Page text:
You’ve written your pysanka, removed the wax, and have a gorgeous egg to admire.  But are you finished?  Well, not quite. You need to see if it needs any finishing touches, and then decide if you’re going to varnish and/or empty your egg. 

None of these processes is absolutely necessary, but the latter two are recommended if you wish to hang on to your pysanka for any significant length of time. 

Touching Up:  Everyone makes mistakes.  Some are small and barely noticeable, others are large and irritating. And sometimes the dye just doesn’t take as well as it should. In the latter two instances, you may wish to touch up the egg before finishing it.

This is not an entirely modern concept. Traditional pysankarky sometimes used “mixed media” in creating their pysanky, as can be seen by some odd color combinations and out-of-sequence colors found on traditional eggs.  Color could be added in by spot-dyeing, or by writing with black or colored ink.  The pysanky below, from a museum in Trypillia, demonstrate the latter technique: 

Details have been added in black ink to these traditional pysanky from Kyivshchyna

Emptying:  Pysanky were traditionally left full, and the contents would slowly dry up over time, leaving either a small dried ball inside, or an egg that behaved like a Weeble (i.e. one that would stay stuck in one position due to the dried up egg contents being stuck to one part of the shell).

The egg white and yolk were left inside because the egg itself, and not just the designs drawn upon it, contributed to the magical properties of the pysanka.  It was the egg that gave forth life in the spring, and emptying it would diminish the pysanka’s talismanic powers. Pysanky were not objects of art, but ritual objects, and were only expected to last a year, from spring to spring, until a new batch would be made.

But the pysanky didn’t always dry up.  Some eggs leaked, others might even explode. 

To prolong the life of the pysanky, the eggs they were made from were sometimes baked beforehand.  While boiling will ruin the cuticle of an egg and prevent good dye adherence, baking does not have this effect.  Eggs would be placed in an oven, and the egg baked just enough to cook it, but not enough to cause it to expand (and force the baked egg white out through the pores of the shell).  Pysanky made on baked eggs were referred to as “pecharky” (печарки). It is said they are less likely to crack, leak and go bad.

Today many pysankary empty the egg either before writing a pysanka or after having done so.  Emptied eggs generally last longer than full ones, and while perhaps less magical, they don’t provide any odiferous surprises.

Emptying out an egg with a Blas-Fix

Varnishing:  You may wish to apply a glossy (or satin) finish to your pysanka once it is completed. There are two principle reasons for putting a finish on your pysanka: aesthetic and protective.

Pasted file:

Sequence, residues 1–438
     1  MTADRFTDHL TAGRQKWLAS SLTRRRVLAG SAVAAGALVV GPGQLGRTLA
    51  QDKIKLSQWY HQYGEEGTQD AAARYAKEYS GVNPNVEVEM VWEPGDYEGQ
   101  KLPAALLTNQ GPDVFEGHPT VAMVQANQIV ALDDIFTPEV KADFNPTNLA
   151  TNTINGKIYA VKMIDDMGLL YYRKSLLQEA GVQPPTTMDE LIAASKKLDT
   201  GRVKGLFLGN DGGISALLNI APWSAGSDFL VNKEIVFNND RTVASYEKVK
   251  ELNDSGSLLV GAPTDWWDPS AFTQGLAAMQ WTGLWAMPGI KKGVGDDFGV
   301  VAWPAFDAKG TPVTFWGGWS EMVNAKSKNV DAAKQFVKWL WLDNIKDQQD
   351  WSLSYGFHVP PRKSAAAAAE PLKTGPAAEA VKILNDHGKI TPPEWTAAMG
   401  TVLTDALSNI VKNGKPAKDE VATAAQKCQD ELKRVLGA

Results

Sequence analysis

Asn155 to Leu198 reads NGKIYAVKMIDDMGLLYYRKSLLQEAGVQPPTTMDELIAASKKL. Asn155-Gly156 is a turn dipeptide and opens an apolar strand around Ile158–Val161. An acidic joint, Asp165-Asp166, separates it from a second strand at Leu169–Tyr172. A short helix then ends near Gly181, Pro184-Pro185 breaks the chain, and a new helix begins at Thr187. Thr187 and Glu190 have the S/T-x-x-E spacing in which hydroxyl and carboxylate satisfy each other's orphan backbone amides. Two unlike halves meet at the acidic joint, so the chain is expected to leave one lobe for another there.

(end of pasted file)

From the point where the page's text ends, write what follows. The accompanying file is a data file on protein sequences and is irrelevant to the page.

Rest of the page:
Most people find eggs with a shiny or satin finish to be more attractive.  Some prefer a high gloss finish, others like something satin and subdued.  It is a matter of personal preference.

A finish can also protect the eggs from water damage (the dyes will run if the pysanka shell becomes damp or any droplets of water fall on it), light damage (UV protection) and strengthen the shell.

In early times, pysanky were made a bit shiny by rubbing a bit of pork or chicken fat on them.  There was no need to protect pysanky from water damage, as natural dyes were water fast.  Similarly, the old botanical dyes were light fast, and there was no need to strengthen the shell, as they were practical items (albeit magical), and not held on to for long periods of time.

It’s different now.

Aniline dyes are bright and colorful and quick and easy.  But the trade-off is colors that are neither water-safe nor light-stable.  Putting a coat of ordinary varnish on an egg will protect it from water, but will not protect it from sunlight.  There are special varnishes that provide UV protection, but they can be fairly toxic and difficult to apply.  It is best simply to keep the egg out of direct sunlight.

And applying a coat–or several–of varnish will reinforce the shell, making it stronger and thicker.

Newly varnished student pysanky on a drying board

If you wish to hang onto your pysanky for a longer time and to safely share them with others, it is well worth considering varnishing and/or emptying them.

CAVEAT:  Keep in mind that, once an egg is varnished, the pores in the shell are sealed and it cannot dry out properly.  These are the sorts of eggs that are more prone to leaking and exploding.  If you plan to varnish your pysanky, you should really either use empty shells for making pysanky, or empty the pysanky after varnishing.

Further discussion of these topics and more detailed instructions can be found on the pages that follow.

  Home        Touching Up

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